AUSTIN (KXAN) — The historic rains from last May and October have delayed crews in completing the Shoal Creek Restoration Project, but the City of Austin said it expects to have everything wrapped up by this Summer.
“There were some delays because of the historic we weather and the storms we’ve had, but the previous few months of dry weather has allowed crews to make steady progress and we’re moving along,” said Clayton Ernst with the Watershed Protection Department.
The Shoal Creek Restoration Project primary goal is to reduce and improve erosion in the park on the Shoal Creek Corridor between 15 and 28 St. Crews have also installed an extended bike path and have created more vegetation.
“We’ve built a lot of boulder block walls and mechanically stabilized soil slopes in the creek,” said Ernst. “A lot we’ve built around heritage trees, which were in danger of falling into the creek.”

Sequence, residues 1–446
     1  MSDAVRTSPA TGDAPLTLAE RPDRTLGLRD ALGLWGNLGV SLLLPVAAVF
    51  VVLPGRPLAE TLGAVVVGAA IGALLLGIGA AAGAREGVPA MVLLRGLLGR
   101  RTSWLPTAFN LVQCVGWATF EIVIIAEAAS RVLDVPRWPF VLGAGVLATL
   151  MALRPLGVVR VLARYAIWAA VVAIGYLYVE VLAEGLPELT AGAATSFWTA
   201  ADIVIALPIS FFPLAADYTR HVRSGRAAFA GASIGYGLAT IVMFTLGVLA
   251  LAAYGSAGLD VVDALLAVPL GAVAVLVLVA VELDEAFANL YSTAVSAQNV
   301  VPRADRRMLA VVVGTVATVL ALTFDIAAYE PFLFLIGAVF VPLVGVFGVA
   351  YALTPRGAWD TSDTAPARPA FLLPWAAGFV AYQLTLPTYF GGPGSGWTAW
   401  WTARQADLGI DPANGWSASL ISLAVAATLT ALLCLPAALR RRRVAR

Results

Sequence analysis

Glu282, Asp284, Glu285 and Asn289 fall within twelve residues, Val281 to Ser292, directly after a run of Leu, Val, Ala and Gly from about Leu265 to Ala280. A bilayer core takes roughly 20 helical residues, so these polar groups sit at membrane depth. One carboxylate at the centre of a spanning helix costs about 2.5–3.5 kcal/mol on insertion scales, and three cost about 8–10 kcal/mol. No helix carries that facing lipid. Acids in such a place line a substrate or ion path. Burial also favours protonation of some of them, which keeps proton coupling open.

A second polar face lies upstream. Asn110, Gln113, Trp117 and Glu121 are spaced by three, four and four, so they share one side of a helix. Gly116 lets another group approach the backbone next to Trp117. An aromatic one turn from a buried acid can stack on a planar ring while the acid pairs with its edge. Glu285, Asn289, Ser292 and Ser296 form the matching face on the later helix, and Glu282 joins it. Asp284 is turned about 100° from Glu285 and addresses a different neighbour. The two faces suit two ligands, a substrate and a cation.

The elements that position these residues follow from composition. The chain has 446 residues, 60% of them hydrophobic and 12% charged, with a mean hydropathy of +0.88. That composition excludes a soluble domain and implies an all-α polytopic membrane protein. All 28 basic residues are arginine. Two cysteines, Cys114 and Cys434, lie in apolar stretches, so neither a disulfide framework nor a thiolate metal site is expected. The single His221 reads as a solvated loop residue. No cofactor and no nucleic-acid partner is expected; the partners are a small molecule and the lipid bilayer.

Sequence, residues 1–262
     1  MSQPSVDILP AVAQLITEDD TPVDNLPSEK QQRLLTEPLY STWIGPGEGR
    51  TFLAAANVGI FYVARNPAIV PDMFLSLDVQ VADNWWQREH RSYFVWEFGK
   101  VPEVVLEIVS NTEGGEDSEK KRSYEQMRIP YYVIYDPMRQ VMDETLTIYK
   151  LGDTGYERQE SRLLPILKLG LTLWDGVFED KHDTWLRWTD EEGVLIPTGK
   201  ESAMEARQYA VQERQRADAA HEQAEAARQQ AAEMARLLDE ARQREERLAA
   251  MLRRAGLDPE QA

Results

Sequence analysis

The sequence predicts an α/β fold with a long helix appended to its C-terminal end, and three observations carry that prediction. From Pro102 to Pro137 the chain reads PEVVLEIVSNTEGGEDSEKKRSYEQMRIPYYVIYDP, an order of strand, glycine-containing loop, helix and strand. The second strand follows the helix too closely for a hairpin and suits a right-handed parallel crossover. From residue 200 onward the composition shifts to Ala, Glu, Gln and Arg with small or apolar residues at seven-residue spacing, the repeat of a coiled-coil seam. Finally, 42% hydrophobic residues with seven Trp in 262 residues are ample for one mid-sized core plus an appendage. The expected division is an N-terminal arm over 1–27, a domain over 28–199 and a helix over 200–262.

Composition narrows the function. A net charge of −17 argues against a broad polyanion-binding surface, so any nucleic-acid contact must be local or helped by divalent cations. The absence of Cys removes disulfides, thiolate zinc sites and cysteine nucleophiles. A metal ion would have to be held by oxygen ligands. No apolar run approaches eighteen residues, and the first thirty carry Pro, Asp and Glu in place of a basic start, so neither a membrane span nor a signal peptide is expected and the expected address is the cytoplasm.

Shoal Creek is dry most of the year, but when the heavy rains hit, it can become a raging river. The city said they’ve put up huge boulders to help keep the roots in place.
“We’ve really put a lot of thought into this project design to make it resilient against the flooding that we know occur on Shoal Creek Periodically,” said Ernst. “We’re doing our best to make sure that we built it per plan and if it’s built per plan, we’re pretty confident that we’re not going to have to come back and rebuild anything.”
Part of the plan includes reducing pollutants from storm run off from going into the creek.
“Shoal Creek is an urban creek so it’s plagued historically with high levels of pollutants,” said Ernst. “We’ve put in features that will improve water quality in Shoal Creek , such as rain gardens and bio filtration meadows.”
The city said it’s put in a bio filtration pond and rain meadows and vegetated swales in Pease Park to help with the storm water run off.
A feature many users will notice is the new paved trail and an addition of a new bike-way under the 24 St. Bridge along Lamar. Ernst said they plan on adding ground lights on the bike path.
The $6 million project is currently on budget, despite the delay, but Ernst said that could change in the coming months.